A bit of a postscript. Human leprosy is what we worry about, of course, but armadillos, those “possum on the half shell”, are a natural reservoir for the disease, the only or nearly the only other mammal known to be infected with leprosy. A few cases in the South have been in people who had been in contact with armadillos. One individual with leprosy told of having killed an armadillo and eaten it. No comment.

Three Creeds

DonFrom Dr. Don Palmer

I just heard a muffled and consequently anonymous voice, “Three creeds? Don has finally lost it. I’ve been worried about him. We only have two creeds. Everybody knows that.”

Gotcha! The one we don’t ever seem to mention is the Athanasian Creed, approximately as old as the Nicene Creed. I’ll settle for an extra dessert, with suitable apologies. We’ll come back to #3 later.

The Apostles’ Creed, known throughout Christendom, is usually the first one we learn. There’s a small problem, however……we don’t know who wrote it. An ancient and beautiful legend holds that the twelve natural divisions that it falls into were each contributed by an Apostle. Unfortunately, that was evidently an invented legend, and like many legends, more fun than truth. The Apostles’ Creed is the oldest known and accepted statement of what we believe, the “Articles” of the Christian faith. “Credo” , ”I believe.” It is an elaboration of some of the baptismal affirmations, and first appeared in its present form after centuries of widespread use, in the sixth or seventh century.

The Nicene Creed is the product of the first Council of Nicea, in 325, which was called specifically to address a widespread heresy, Arianism, which denied that Christ was divine, proposing instead that Christ was created by God. The original and simple format was accepted. The Eastern Orthodox Church does not accept the Apostles’ Creed, and uses only the Nicene Creed, with a small change. The Nicene Creed, therefore, stands as the authoritative, yet eloquent, statement of what we hold as a statement of Christian belief in both the Western and the Eastern traditions.

The Athanasian Creed—;the creed we don’t talk about—;is something else. It is also known as the Creed of St. Athanasius, implying that St. Athanasius wrote it, but in fact it, too, is of unknown authorship. It is likely that it, too, was written by some unidentified French theologian, probably in the fourth century. St. Athanasius was a vigorous defender of the faith, with a strong preference for orthodoxy. Consonant with Athanasius’ scholarly orthodoxy, the Athanasian Creed is long (about 700 words) and is in the section of historical documents in the back of the Book of Common Prayer (BCP p. 864). The Church of England thoughtfully acknowledges our debt to these early churchmen. In England (not in Magnolia Springs or in these United States) the Athanasian Creed must be said or sung at Morning Prayer, Christmas, Epiphany, Easter, Ascension, and Whitsunday.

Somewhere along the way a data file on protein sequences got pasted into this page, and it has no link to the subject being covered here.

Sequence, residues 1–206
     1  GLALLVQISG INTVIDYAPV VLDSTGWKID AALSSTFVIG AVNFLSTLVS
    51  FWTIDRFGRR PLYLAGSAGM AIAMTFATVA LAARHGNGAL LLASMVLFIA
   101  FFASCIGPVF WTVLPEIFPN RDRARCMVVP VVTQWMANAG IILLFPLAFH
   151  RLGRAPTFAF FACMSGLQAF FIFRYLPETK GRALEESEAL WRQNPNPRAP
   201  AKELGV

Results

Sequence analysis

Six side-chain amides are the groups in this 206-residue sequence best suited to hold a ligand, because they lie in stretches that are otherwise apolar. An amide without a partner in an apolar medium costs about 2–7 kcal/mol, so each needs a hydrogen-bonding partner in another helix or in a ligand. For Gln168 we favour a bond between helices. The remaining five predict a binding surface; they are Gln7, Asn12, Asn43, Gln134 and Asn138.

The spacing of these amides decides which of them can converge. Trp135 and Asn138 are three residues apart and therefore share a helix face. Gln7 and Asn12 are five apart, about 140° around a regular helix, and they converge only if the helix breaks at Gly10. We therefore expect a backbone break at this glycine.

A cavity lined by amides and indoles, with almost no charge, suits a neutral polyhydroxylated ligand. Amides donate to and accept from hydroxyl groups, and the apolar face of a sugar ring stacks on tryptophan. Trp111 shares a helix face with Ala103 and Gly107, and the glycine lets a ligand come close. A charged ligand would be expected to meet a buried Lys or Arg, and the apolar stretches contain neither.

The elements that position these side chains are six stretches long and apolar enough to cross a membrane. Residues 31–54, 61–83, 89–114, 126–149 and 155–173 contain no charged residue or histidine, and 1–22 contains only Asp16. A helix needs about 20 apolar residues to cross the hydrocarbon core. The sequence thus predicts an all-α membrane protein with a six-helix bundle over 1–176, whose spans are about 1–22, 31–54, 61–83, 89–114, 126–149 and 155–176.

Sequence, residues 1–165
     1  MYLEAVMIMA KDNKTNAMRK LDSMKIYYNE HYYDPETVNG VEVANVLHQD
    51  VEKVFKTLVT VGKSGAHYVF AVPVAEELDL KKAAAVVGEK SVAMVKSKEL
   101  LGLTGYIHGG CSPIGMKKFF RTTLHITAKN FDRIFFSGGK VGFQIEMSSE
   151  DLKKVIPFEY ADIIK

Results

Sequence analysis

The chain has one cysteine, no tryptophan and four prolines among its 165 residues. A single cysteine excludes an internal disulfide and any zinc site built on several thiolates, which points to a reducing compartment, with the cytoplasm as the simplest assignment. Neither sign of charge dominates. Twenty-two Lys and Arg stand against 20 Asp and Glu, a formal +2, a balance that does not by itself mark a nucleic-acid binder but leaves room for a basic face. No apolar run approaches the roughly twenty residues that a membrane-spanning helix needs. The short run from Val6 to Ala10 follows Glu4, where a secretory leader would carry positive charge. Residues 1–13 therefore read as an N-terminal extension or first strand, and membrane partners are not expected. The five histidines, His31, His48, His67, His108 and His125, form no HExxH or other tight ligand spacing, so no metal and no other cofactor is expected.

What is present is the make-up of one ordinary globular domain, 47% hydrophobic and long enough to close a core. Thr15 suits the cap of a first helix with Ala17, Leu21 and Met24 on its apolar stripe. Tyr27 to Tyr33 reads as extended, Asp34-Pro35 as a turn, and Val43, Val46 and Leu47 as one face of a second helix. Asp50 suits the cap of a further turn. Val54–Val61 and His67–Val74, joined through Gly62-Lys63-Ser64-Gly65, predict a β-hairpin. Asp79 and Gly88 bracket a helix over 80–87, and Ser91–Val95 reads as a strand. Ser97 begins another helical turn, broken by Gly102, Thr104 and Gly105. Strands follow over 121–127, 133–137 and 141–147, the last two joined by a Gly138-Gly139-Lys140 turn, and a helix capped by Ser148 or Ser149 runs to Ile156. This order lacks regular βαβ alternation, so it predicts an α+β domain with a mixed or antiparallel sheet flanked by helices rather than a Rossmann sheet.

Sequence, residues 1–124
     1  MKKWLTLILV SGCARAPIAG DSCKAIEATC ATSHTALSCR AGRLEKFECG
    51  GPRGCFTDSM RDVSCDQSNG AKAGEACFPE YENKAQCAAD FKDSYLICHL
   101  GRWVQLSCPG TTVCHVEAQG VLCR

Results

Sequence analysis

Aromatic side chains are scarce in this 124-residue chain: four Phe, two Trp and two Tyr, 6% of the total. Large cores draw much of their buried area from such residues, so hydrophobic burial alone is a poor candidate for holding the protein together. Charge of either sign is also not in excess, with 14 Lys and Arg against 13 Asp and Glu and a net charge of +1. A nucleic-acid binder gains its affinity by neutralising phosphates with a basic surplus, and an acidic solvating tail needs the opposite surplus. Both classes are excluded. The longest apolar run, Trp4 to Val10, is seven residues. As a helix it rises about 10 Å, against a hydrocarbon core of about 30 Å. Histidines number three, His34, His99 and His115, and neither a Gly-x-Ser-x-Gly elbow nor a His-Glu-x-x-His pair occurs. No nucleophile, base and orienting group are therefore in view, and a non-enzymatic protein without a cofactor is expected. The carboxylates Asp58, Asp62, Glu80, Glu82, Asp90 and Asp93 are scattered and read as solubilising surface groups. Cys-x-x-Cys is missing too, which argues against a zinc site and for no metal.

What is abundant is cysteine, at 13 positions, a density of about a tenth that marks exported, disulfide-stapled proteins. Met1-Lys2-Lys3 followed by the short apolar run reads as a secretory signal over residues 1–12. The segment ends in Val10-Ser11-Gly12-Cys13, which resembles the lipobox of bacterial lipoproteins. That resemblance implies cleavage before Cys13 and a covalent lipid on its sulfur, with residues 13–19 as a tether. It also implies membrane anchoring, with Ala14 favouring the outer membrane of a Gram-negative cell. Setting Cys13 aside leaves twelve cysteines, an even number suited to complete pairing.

Another document of importance in the Anglican Communion and hence the Episcopal Church is the Articles of Religion, commonly known as the Thirty-nine Articles. They, too, are to be found in the back of the Book of Common Prayer, beginning on p.867.

The anticipated difficulties encountered in making statements of faith, the development of consensus, and their publication can well be imagined. This is shriekingly evident to me as we see schismatic offshoots of the Episcopal and the Anglican Churches. Finally, after the learned theologians had been meditating for twenty (20!!!) years without producing a document, Parliament got into the act and—voila!—;a document was produced in 1571. Ipse dixit.

The purpose, the need, for the work of this group of theologians was crucial. The young Church of England, we Anglicans, was being picked on (really, picked on) by the Church of Rome, which had the strange and unwelcome notion that we Anglicans needed to call the whole thing off and go back home to the self-appointed Mama; and needled as well by the Lutherans and the Puritans, still in their early adolescence, who had their own ideas of what the Church of England should be, and think, and do. A tough assignment. Be firm, stand strong, but keep the flock intact. Listen to the opinions of others. And keep the faith. Be principled but malleable. But hold the Church together. Queen Elizabeth herself drew up some of the statement. The Articles were put into the American Prayer Book in 1801. They are a good read, for a better understanding of the faith, and an appreciation of English composition—our mother tongue.

But not during the sermon.